Spring Grove's Dan Hartwig makes orzo 'risotto'

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"Have pan, will travel" has become Dan Hartwig's motto. When he does the cooking, he likes his trusty skillet at his side.


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Risotto with wild mushrooms by Cook of the Week Dan Hartwig of Spring Grove.


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He says continuous stirring is one key to creamy risotto.


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Spring Grove's Dan Hartwig makes orzo 'risotto'

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print story Published: 9/1/2010 12:00 AM

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On a golfing trip eight years ago to Hilton Head Island in South Carolina, Dan Hartwig scored big, but not on the links.

At a nearby outlet mall he found a 14-inch, stainless steel, Farberware skillet with heavy-duty bottom and lid. Known thereafter as The Big Pan, it is several inches deep and equipped with a helper handle for transferring Dan's popular rack of lamb, steaks Siciliano and sausage and peppers from stove top to oven.

"We had rented a furnished condo with our best friends, and the cookware was terrible," he says. The group had purchased some fresh shrimp, in season, and Dan needed a decent pan for sauteing.

"I saw this thing on clearance and thought, 'I can cook anything in this.'"

Since then Dan has packed up said pan for fishing trips to Canada, where he and his wife, Barb, rent cottages stocked with cookware of dubious quality.

For travel, Dan removes the handle, fills the pan with herbs and spices and bungi-cords the lid to the bottom.

"I never know what I'm going to get stuck with, some dented-up tin pan; and this one I can put on the grill" for cooking up all those Canadian fish.

Dan worked as a barker for 22 years but retired 12 years ago when chronic tendinitis of the elbows took him out of the game. He has been a real estate agent ever since, living in Spring Grove with Barb, a teacher and girls golf coach at Mundelein High School.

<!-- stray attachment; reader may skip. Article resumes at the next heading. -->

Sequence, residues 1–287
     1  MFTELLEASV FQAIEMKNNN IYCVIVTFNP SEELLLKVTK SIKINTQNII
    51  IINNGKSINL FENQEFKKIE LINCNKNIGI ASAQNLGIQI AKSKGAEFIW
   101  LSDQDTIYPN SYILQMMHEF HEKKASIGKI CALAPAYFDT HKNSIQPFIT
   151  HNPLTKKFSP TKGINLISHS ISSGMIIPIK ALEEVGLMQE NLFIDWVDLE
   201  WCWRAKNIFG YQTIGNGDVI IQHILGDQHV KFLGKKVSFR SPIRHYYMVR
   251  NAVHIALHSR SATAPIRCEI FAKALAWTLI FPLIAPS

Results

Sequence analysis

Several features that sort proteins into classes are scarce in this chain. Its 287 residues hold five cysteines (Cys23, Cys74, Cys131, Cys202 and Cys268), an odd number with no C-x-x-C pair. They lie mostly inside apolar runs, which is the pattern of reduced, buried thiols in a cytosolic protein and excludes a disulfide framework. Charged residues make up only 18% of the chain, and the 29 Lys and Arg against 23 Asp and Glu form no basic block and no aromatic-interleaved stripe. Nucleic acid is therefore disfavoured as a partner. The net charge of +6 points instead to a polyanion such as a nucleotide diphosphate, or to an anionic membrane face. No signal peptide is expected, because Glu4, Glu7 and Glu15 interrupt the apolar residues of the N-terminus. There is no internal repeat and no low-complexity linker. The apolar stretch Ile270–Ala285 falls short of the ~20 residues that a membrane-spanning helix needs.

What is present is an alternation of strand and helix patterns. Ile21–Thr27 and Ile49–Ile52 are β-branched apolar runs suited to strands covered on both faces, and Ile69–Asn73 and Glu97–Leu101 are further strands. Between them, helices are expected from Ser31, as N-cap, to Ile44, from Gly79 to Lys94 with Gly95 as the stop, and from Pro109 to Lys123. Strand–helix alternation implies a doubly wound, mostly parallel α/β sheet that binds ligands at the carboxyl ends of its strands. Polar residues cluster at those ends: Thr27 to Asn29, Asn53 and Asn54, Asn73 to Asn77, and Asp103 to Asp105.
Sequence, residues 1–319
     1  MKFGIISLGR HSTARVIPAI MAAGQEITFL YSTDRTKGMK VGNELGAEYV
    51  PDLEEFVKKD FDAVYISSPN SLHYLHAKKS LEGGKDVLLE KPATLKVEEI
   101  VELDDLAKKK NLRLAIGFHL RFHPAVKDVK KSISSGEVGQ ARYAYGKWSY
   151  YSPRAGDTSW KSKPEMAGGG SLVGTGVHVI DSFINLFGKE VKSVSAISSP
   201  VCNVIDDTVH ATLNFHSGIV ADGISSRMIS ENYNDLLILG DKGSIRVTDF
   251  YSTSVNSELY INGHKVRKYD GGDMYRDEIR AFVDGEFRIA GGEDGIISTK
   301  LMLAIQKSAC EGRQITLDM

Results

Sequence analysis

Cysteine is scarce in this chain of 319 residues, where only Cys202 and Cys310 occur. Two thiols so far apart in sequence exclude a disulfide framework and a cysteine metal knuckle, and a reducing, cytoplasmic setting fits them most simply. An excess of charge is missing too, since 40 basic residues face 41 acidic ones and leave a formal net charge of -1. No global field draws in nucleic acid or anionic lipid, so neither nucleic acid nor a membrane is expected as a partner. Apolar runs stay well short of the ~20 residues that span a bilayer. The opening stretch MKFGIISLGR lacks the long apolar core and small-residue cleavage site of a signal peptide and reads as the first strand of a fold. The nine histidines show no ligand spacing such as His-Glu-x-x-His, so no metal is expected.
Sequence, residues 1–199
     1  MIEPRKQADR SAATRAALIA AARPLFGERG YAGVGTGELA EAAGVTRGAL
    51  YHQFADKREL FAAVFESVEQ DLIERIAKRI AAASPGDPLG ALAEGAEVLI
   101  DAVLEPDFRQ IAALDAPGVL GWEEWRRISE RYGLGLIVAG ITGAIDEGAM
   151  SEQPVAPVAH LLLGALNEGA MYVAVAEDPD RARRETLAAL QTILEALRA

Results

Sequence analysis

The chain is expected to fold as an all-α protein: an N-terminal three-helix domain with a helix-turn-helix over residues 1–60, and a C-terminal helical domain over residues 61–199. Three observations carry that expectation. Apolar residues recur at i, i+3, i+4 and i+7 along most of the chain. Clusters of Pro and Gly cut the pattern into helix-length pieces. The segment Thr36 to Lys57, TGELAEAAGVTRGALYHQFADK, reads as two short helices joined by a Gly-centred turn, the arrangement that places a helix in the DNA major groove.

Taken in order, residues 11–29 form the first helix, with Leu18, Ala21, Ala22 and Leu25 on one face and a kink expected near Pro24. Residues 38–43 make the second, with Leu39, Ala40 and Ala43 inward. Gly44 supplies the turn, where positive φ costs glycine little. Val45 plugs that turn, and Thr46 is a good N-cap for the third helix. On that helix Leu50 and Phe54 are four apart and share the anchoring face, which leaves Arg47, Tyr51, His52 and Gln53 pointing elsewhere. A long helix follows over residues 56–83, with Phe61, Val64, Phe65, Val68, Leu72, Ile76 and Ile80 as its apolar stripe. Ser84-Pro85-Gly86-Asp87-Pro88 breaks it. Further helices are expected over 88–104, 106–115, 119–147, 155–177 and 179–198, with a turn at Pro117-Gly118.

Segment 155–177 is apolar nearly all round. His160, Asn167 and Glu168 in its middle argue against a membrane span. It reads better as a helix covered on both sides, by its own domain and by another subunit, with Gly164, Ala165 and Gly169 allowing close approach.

Dan does virtually all the cooking at home, including such weeknight meals as chicken fajitas and avocado salad, pasta primavera or pork tenderloin marinated in rosemary, garlic and lemon.

Though he's officially only half Italian, Dan's cooking often is inspired by that strand of his DNA. He grew up next door to his great-aunt and two great-uncles from the old country, and was deeply influenced by Great Aunt Minnie's marinara.

Today he gives us his version, seasoned with fresh and dried herbs, sweetened with a healthy dose of brown sugar and finished with a little heavy cream.

Dan loves hosting dinner parties, too, inviting eight to 12 people and serving multiple courses, like pancetta-wrapped figs with blue cheese, roasted tomato and balsamic soup and his signature root beer barbecue glaze on ribs or chicken, or his orzo risotto, cooked in The Big Pan.

"There have probably been over 40 different people who have taken turns stirring the risotto in that pan," says Dan. "I explain to guests that in an Italian kitchen you must help, thus melding even more love into the meal."

Though the dish is typically made with rice, Dan prefers using rice-shaped pasta because it holds up longer on a buffet table in a chafing dish.

"It stays fluid where the rice just gets gummy," he says.

With any leftovers, Dan adds more cheese to the mixture, rolls it into balls, coats them in milk, egg and seasoned flour and deep-fries the ultrarich mixture, in The Big Pan, of course.

"I paid more for the three dozen golf balls I lost on that trip than I did for the pan," he says. "It was a fun vacation, but if you add up the laughs we have had with friends and family while I was cooking over that pan, it is priceless."

- Laura Bianchi

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